W3C home > Mailing lists > Public > www-style@w3.org > May 2010

Re: [css3-flex] calc(flex) and concept of free space.

From: Zack Weinberg <zweinberg@mozilla.com>
Date: Sun, 30 May 2010 12:46:31 -0700
To: "Andrew Fedoniouk" <news@terrainformatica.com>
Cc: "Brad Kemper" <brad.kemper@gmail.com>, "Tab Atkins Jr." <jackalmage@gmail.com>, <www-style@w3.org>
Message-ID: <20100530124631.5752d482@moxana.local>
"Andrew Fedoniouk" <news@terrainformatica.com> wrote:

> There is no concept of "likely works" or "likely does not work" in
> CSS, sorry.
> Both of these two expressions:
> width: calc(100px + 0.0001fx)
> width: calc(100px + 0.01fx)
> *must* produce close or the same result.
> But not 0px and 100px.

I more or less agree with this, although I don't think it's a
*critical* problem; people are used to the occasional floating-point

What about specifying that the preferred width of a calc() that
evaluates to a flexible length is the inflexible component?  Then there
is no discontinuity, the preferred width of calc(100px + αfx) is 100px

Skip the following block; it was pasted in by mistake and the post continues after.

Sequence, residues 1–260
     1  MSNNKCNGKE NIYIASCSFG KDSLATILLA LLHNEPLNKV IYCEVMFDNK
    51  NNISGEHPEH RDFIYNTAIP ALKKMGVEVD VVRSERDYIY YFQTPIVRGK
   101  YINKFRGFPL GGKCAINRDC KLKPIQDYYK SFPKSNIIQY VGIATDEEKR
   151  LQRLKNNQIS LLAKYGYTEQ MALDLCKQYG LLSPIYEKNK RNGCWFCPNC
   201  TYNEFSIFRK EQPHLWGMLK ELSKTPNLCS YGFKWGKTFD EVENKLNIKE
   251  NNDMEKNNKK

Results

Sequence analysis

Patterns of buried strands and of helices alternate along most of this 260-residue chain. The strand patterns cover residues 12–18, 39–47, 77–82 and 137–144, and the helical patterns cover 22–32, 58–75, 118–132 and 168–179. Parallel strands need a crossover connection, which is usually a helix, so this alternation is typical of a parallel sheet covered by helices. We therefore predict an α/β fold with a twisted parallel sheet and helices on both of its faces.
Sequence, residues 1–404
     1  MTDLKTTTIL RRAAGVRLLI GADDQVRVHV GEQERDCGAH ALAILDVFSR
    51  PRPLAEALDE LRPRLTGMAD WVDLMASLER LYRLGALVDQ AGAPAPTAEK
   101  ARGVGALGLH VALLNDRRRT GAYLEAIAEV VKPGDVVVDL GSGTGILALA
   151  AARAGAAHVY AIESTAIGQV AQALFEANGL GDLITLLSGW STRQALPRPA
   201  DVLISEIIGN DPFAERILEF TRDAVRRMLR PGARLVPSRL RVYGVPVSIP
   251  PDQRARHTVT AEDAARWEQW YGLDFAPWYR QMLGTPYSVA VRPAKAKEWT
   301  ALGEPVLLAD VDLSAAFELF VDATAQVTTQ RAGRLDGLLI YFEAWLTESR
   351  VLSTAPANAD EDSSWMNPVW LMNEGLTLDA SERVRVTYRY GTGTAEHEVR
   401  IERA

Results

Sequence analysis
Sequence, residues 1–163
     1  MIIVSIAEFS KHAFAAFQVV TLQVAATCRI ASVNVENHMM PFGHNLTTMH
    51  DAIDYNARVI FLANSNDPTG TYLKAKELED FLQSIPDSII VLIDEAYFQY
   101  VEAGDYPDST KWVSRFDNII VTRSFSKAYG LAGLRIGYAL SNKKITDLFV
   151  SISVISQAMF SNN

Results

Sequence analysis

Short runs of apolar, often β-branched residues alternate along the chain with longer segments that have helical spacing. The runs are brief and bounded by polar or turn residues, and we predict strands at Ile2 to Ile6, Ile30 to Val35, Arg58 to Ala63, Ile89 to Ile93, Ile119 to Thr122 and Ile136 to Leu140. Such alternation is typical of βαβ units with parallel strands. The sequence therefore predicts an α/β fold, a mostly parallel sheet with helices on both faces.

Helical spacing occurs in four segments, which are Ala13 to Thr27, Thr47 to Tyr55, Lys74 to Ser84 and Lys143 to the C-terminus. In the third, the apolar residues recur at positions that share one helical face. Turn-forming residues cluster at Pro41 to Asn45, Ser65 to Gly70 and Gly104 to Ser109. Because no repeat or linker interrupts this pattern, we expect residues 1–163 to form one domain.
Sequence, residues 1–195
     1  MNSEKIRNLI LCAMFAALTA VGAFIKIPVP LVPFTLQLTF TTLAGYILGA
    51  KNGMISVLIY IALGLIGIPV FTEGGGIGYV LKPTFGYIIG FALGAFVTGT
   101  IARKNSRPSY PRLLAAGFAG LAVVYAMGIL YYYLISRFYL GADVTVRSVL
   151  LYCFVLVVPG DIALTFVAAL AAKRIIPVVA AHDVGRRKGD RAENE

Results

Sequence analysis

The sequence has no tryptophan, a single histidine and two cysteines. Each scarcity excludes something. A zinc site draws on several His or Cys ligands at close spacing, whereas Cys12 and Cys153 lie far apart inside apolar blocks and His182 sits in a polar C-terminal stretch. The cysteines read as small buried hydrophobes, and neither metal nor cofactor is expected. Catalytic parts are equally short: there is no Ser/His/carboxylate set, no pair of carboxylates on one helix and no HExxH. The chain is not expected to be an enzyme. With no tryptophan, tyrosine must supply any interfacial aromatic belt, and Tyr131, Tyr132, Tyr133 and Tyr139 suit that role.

regardless of the value of α.

> As of throwing the babies...
> I've proposed simple function:
> flex( <length-expression>, flex-weight ).
> where length-expression can be literal fixed length or the calc()
> What is the problem with it?

You are mistaken in thinking that calc() involving flex units is
somehow harder to implement than that notation.  Your flex(α, β)
(where α is any <length> and β is a number) is precisely equivalent 
to calc(α + βfx), as far as I understand.  An arbitrary calc()
expression involving flex units can either be algebraically reduced
to calc(α + βfx) at parse time, or it can't.  Those that can't, we
simply define as semantic errors.  Thus, calc() involving flex units
requires no more cleverness at layout time than your flex() does; and
the algebraic reduction code is already present in the calc() parser,
because it has to reject things like width: calc(10%/10px) already.

Received on Sunday, 30 May 2010 19:47:05 UTC

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